Digital Hong Kong

September 14 2018 by Nick Ferguson

Hong Kong’s first online life insurer started selling policies on Wednesday under the brand Blue. The business, which is part of Aviva’s digital transformation, is a joint venture between the British insurer’s Hong Kong unit and Hillhouse Capital and Tencent.

But Blue is not the only insurer claiming to be the city’s first digital insurer. Also this week, insurtech startup OneDegree raised HK$100 million (US$12.7 million) in Series A funding, billing itself as the “first digital insurer candidate in Hong Kong with a fully digitised insurance process end-to-end”. The deal represents the largest ever fundraising round for a pre-revenue insurtech startup in Hong Kong.

Through its website, Blue is currently offering two commission-free policies covering term life and critical illness, and is aiming to shake up an industry that is dominated by bancassurance and agency sales. Indeed, direct sales contribute just 1% of individual business in Hong Kong, mostly through FWD Life.

Blue’s products offer instant, paperless approval based on a handful of assessment questions. The term life product provides up to HK$8 million of coverage, while the critical illness plan covers cancer, heart attacks and stroke up to HK$2.5 million.

“We strive to provide solutions catered to customers’ needs,” said Charles Hung, the company’s chief executive, who was previously chief risk officer of Aviva Asia. “We will remove the complexity from insurance and unlock exceptional value for customers. We will help customers take ownership of their own protection, as we believe that customers know their needs best. We are committed to making their lives easy by doing what is right for them.”

Aviva first announced the agreement to develop a digital insurance company in Hong Kong with Hillhouse and Tencent in January 2017, when it revealed that Aviva and Hillhouse would each hold 40% and Tencent would hold 20% in Aviva Hong Kong. The joint venture was approved by the Hong Kong Insurance Authority (IA) in February.

Having been slow to take advantage of the growth opportunity in Asia, Aviva has been focusing on differentiating from the competition by transforming itself into a digital insurer. To that end, it has set up a digital garage in Singapore that helped the Asia business to recorded a 28% increase in the value of new business to US$119 million during the first half of the year.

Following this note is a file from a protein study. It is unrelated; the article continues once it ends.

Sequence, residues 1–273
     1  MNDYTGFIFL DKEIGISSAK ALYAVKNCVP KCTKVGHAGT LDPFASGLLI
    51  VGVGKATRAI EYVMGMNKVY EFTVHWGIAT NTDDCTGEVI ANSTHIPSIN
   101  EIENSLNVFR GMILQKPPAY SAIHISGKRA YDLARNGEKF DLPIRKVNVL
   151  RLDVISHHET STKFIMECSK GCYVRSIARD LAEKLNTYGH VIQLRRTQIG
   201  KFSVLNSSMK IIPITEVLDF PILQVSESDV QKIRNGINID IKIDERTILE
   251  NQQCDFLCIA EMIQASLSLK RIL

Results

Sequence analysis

Through Blue, it is hoping to cultivate a direct relationship with policyholders that affords the opportunity to deliver a better customer experience without, for example, a bank sitting in the middle.

As Chris Wei said when we first spoke to him about the insurer’s digital plans in the region back in 2015: “Every insurance company says: ‘We’ve got to go digital first, we’ve got to get customer centric.’ At the end of the day, it’s about execution,” explained Aviva’s executive chairman for Asia and FPI, and global chairman of Aviva Digital.

The success of the new venture will be a test of that ability to execute, but it is also a welcome addition to the competitive landscape in Hong Kong. The city has been slow to embrace the shift to digital and has been accused of letting Singapore gain an advantage as a regional insurance hub, but the launch of Blue is a positive step in the digital direction.

The regulator has at least been trying to foster more innovation. It created a fast-track pilot scheme for digital-only insurers last September, providing a dedicated queue for new authorisation applications from insurers using purely digital distribution channels. The goal of the scheme is to speed up the authorisation process by giving the authority an opportunity to review proposed digital distribution channels at an early stage.

OneDegree is in the process of obtaining authorisation through the scheme. Its insurance platform will support personal-line general insurance and health insurance products, integrating a user-friendly front-end app with a back-end system that enables advanced analytics and automation of claims processing, policy management and customer service.

“We’re on the cusp of a new era,” said Alvin Kwock, co-founder of OneDegree. “Today’s insurance models are no different from how it was done 100 years ago, and one of the major reasons of this inertia is outdated technology systems. We’re taking on a tall task by modernising an industry with large incumbent players, and building a highly flexible and scalable insurance technology platform from scratch.”

It seems that digital insurers are like Hong Kong trams — you wait ages for one and then two show up at the same time.

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